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How COVID changed warehouse management

No one could have predicted the extent of the changes that the coronavirus would bring about or imagined that would affect virtually every aspect of our world. At the same time that the pandemic led to the closure of schools and the shutdown of the entire entertainment industry, it was upending the way warehouses were designed, managed and operated. Understanding exactly what occurred can shed some light on what the future looks like for companies heavily involved in manufacturing and distributing a wide variety of products that consumers use every day.


Concerns about contracting COVID-19 are radically changing the way fulfillment centers and other warehouses are laid out. In the near future, entrances may become touchless, with automatic doors and prominent signage stating the company’s policies regarding PPE such as face shields and masks. Thermographic measures to take body temperatures could be instituted, and floor markings may be drawn to promote social distancing. Furniture may also be designed and placed with safety and distance in mind.

In the workplace itself, many planners are foregoing the formerly popular open design and are returning to enclosed individual offices. Plexiglass barriers may also be installed to separate workers from each other. There may also be designated outdoor spaces set up for “mask breaks.”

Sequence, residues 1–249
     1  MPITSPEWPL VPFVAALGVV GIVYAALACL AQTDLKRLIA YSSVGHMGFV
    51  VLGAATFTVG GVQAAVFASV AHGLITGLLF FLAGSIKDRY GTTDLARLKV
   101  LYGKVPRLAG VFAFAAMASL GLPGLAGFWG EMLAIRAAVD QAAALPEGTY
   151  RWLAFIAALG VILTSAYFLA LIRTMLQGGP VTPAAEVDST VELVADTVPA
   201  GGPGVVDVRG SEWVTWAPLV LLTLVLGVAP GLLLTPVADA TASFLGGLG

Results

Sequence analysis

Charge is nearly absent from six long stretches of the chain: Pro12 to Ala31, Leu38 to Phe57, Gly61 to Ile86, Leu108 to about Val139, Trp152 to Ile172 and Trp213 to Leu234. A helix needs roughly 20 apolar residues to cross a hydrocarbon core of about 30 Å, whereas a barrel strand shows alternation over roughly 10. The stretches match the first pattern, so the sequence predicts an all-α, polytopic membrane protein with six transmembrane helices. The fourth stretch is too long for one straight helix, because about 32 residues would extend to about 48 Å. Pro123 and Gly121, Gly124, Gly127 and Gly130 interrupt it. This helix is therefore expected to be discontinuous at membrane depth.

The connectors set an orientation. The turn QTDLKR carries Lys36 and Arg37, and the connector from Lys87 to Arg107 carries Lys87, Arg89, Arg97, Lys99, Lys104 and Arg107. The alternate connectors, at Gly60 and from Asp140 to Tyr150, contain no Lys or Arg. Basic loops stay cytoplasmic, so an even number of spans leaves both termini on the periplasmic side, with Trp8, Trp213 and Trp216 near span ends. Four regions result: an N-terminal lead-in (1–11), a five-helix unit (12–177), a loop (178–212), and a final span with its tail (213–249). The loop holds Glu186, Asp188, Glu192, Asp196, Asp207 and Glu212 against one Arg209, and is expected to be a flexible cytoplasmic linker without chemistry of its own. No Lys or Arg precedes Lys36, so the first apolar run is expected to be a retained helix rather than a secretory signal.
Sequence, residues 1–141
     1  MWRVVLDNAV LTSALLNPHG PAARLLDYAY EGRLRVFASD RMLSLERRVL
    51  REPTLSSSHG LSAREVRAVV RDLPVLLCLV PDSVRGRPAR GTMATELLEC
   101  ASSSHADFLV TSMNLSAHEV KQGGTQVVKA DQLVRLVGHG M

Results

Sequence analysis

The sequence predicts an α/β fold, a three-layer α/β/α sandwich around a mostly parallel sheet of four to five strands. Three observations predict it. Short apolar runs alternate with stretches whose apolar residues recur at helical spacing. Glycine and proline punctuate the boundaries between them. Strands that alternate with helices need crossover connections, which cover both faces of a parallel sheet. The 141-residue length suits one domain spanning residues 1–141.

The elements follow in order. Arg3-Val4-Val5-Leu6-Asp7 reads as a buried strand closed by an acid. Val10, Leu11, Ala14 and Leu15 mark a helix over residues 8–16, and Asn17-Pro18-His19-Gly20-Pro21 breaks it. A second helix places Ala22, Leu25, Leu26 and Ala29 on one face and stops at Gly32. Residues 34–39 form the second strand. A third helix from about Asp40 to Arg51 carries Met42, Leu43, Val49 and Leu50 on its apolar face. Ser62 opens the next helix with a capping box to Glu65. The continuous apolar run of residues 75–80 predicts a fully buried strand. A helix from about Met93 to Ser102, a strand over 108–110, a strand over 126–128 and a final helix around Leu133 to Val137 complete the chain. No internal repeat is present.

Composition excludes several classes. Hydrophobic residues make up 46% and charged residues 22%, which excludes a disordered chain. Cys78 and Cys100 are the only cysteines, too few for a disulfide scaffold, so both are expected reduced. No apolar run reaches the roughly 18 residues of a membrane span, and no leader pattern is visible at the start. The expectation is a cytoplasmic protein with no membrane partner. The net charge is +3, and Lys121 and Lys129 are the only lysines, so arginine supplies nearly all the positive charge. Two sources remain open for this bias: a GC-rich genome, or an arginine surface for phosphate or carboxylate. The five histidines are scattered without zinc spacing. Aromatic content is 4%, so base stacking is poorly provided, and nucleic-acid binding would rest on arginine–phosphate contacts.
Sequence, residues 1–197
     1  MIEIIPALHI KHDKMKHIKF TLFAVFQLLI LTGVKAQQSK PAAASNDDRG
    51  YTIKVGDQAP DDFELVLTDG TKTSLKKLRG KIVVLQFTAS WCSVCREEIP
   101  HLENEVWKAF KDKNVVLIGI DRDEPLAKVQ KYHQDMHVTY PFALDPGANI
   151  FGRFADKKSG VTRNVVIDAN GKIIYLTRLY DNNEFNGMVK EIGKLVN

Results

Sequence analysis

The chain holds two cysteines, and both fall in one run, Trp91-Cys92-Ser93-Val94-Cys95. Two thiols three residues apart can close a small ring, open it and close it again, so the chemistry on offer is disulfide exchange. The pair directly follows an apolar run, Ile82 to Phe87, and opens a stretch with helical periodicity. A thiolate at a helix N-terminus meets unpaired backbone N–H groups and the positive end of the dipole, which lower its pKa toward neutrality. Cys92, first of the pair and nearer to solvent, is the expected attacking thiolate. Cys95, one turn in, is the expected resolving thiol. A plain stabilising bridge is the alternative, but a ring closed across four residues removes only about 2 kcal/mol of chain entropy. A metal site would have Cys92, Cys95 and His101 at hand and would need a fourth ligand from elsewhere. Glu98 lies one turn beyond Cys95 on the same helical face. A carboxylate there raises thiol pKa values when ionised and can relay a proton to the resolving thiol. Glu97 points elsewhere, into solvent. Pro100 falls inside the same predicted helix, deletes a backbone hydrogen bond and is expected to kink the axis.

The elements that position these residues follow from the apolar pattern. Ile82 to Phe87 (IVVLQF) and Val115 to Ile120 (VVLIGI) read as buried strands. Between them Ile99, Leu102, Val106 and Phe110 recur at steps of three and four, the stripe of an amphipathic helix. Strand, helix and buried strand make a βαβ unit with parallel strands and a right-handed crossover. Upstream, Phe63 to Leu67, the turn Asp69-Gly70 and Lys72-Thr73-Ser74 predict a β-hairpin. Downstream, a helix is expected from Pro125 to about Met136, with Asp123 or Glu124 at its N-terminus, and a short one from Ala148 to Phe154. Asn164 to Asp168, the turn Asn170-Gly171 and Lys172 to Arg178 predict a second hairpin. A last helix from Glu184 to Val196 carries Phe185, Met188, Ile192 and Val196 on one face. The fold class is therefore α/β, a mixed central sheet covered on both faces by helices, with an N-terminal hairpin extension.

In addition to design modifications, many warehouse owners are now opting to upgrade the way work is done. For instance, assembly lines and sorting systems are increasingly becoming automated, which minimizes the transmission of germs and reduces the number of human workers required to stand in close proximity to each other to get the job done. In addition, a number of organizations are relying more heavily on logistics management software to analyze stock quantities, maximize productivity and map out the most efficient transportation routes to get items where they need to go in the fastest and most affordable way.


In the past, companies such as Amazon opened giant regional fulfillment centers that met the needs of customers living in large swaths of the country. Recently, the trend is changing, evolving toward regional facilities that can more quickly meet the needs of their local consumer base. As new centers are constructed, emphasis is certain to be placed on wider aisles and better circulation systems to minimize the spread of contaminants. Many warehouse designers may also begin to install air UV systems, which have proven to be effective in removing airborne droplets contaminated with viruses and germs. Taking this step is affordable, especially considering the benefits of worker safety and productivity that come along with them.

At some point, COVID-19 will recede and become just another paragraph in the history books. Even so, it is almost certain that even after it is long gone, the world will never be the same. That includes the way companies manufacture and distribute products. The longevity of many businesses will hinge on their flexibility and nimbleness in adapting to these health and safety-centered alterations.

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